Emmanuel Macron had promised to make the SNU compulsory

What are the intentions of Emmanuel Macron and the government regarding universal national service (UNS)? The generalization to all young people of this distant descendant of military service, once announced, no longer seems so obvious

Emmanuel Macron had promised to make the SNU compulsory

What are the intentions of Emmanuel Macron and the government regarding universal national service (UNS)? The generalization to all young people of this distant descendant of military service, once announced, no longer seems so obvious. An about-face that the executive seems determined to forget.

"You are opposing a fantasy", thus launched on France 3 Center-Val de Loire the Secretary of State in charge of youth, Sarah El Haïry, on Sunday April 30. Facing her, the activist of the Young Ecologists Noé Petit, opposed to this project "of recruitment and militarization of youth", had just reminded her that the President of the Republic had wanted to make the SNU compulsory but had had to back down "to cause of social protests". In defiance of the facts, Ms. El Haïry replied that "at no time did the President of the Republic say, did he express the idea that it was compulsory".

Why it's wrong

Sarah El Haïry is wrong since, from his 2017 presidential campaign, Emmanuel Macron had assured that he wanted to "strengthen the army-nation link" thanks to the establishment of "a short-term, compulsory and universal national service".

Two years after coming to power, the president launched the UNS in 2019 in an experimental form, with the aim of eventually making it mandatory. This offers teenagers aged 15 to 17 the opportunity to participate in a "cohesion stay" in boarding school for two weeks, then on a mission of general interest of at least eighty-four hours. A third phase of the SNU, optional, offers young people a "voluntary commitment" of three months to a year by becoming a reservist, volunteer firefighter or during a civic service.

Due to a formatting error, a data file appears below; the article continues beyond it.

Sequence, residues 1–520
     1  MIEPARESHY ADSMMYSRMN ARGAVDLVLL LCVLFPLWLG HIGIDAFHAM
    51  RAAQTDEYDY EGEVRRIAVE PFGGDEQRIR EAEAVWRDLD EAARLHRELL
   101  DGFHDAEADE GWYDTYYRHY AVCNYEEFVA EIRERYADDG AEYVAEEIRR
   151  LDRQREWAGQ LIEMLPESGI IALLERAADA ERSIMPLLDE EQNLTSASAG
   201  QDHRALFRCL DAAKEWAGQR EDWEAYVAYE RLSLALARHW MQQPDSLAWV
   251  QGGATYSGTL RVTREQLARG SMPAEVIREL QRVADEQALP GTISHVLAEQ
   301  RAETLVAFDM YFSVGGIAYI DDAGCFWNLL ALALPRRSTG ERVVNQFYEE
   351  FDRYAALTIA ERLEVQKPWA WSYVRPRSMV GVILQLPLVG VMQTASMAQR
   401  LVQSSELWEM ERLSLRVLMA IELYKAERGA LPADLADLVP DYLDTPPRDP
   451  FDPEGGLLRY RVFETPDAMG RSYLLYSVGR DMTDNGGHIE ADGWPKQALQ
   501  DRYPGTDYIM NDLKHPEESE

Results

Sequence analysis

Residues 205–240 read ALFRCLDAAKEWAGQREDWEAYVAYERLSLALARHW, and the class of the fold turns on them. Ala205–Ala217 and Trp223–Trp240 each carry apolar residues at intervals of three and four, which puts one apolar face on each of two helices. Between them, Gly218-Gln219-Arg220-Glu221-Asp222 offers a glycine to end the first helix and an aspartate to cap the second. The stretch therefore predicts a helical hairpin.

Deemed too expensive and too military by many opponents, the UNS is still in the experimental phase and for the moment only concerns young volunteers: there were 14,650 in 2021 and 32,000 in 2022. Until Tuesday, it was written on the SNU website: "The cohesion stay (phase 1) and the realization of a mission of general interest (phase 2) planned within the framework of the SNU are intended to become compulsory for the whole of a age class. Contacted, the Ministry of Education (on which Sarah El Haïry depends) did not answer our questions about these contradictions. Tuesday afternoon, the page of the government site had been modified and no longer mentioned the desire to make the service compulsory.

The Head of State had promised in his vows of December 31, 2022 to lay "in the next few weeks or months the first milestones of a universal national service". "I will have the opportunity to come back to it in the weeks to come," he said again on January 20 before the armies. But in full mobilization against the pension reform, the government had to revise its ambitions downwards, and finally excluded the elements of financing the generalization of the UNS from the military programming law presented on April 4.

Logistical and budgetary difficulties

Questioned by readers of Le Parisien, on April 23, Emmanuel Macron reaffirmed his wish for its "gradual increase", but "without making it compulsory throughout the country overnight". "You have to go through the law to make it mandatory, but before you have to finalize the consultation, he conceded. I am in favor of moving forward. »

A Senate report, published on March 8, had recommended "suspending" this generalization of national service to an entire age group in view of the "uncertainties" of the project, particularly in terms of costs, estimated at more than 2 billion euros per year. The report also estimated that "the slowdown in the deployment of the SNU is primarily explained by the material difficulties encountered during the experiments".

If the SNU is not compulsory today, it is therefore not because the Head of State never intended it, as the Secretary of State for Youth asserts, but due to logistical and budgetary difficulties combined with an unfavorable political context.